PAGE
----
As pointed out in National Board of Trade Sweden (2019), details of individual trade transactions are usually hidden in aggregate trade data or trade statistics, whereas transactional-level data provide details of individual transactions or shipments that were declared to customs, the transaction value, frequency, traders’ identifier, and product category.  

Combining firm-level information stored in business registers and transactional-level information stored in customs data, as well as a long time-series coverage, our analysis can provide answers to: 

  • how the use of preferential tariffs changes across firm size over time 
  • how the use of preferential tariffs changes across product categories over time 
  • how the use of preferential tariffs changes across regions over time 

Our data improvement as compared with existing literature 

A combined use of firm-level and transactional-level data to analyse PURs is rare in the growing literature on PURs. Transactional-level administrative data are usually not publicly available and access to them often requires special permission from authorities.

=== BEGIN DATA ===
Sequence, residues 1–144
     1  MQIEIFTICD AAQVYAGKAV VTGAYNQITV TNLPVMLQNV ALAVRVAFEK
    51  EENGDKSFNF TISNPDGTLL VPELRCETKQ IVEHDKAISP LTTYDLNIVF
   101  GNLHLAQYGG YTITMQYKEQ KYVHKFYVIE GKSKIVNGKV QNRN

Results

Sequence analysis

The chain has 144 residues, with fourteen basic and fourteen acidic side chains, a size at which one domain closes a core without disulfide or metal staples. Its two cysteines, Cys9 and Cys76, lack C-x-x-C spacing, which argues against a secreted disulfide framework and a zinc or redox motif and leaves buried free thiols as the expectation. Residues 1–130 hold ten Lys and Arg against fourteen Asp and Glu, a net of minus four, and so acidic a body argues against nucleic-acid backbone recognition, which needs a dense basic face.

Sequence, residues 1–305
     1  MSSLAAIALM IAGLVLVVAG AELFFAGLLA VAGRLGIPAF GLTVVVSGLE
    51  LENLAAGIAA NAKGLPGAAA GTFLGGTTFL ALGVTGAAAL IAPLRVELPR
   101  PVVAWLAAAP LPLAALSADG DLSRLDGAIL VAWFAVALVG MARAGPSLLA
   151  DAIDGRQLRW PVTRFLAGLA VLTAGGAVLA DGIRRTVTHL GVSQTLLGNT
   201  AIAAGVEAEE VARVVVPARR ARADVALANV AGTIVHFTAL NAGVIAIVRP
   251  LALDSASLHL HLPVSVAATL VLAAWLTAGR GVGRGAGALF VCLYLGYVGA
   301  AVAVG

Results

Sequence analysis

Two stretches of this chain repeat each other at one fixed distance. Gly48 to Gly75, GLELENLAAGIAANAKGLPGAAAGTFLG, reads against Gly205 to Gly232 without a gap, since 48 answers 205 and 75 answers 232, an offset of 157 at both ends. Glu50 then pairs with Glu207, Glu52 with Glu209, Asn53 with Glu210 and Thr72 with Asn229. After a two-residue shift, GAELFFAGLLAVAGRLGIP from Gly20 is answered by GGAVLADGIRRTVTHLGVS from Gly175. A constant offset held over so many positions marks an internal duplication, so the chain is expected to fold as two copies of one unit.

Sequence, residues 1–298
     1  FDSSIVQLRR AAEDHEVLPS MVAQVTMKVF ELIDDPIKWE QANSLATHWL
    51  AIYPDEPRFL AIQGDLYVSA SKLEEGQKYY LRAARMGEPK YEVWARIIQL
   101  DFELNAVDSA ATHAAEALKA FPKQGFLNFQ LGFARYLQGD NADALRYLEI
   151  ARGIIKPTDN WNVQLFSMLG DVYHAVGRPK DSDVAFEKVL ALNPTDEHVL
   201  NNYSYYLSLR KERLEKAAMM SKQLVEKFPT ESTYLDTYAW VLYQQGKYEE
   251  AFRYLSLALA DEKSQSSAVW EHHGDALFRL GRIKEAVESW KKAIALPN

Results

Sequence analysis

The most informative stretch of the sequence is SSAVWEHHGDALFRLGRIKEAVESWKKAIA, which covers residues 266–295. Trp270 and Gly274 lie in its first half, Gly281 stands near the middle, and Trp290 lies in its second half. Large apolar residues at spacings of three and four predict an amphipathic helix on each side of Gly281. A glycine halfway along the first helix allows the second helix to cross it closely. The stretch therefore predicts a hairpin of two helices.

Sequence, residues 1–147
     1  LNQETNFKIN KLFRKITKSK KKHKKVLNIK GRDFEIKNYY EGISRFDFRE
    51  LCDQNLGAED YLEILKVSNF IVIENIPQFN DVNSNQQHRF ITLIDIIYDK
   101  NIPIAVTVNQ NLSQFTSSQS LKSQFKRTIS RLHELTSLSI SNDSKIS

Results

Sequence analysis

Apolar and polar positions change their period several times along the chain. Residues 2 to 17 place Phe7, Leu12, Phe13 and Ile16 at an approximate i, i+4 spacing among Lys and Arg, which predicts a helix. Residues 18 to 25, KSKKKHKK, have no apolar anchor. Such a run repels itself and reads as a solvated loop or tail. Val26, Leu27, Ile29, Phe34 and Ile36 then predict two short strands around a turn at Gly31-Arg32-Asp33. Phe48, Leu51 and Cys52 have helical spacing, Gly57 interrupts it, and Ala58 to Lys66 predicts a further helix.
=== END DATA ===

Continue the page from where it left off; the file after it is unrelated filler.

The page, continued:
Many existing studies in this topic use aggregate data for analysis. For example, Ando and Urata (2018) use the Trade Compass Database of Deloitte to compute free trade agreement (FTA) utilisation rates as share of imports under FTA schemes in total imports at product level and obtain preference margin as the difference between FTA tariffs and MFN tariffs.

Other studies on the utilisation of trade agreements use data from surveys that are based on defined samples. For example, PricewaterhouseCoopers (PWC) (2018) has conducted a business survey that asks Australian firms about their experience with using FTAs, particularly with China, South Korea, and Japan.

Takahashi and Urata (2008) base their analysis on data from a survey in which 469 firms were asked if they have used FTAs, the reasons for not using them, their experience in the ease of using FTAs, and the impact of FTAs on their sales, costs, and profits.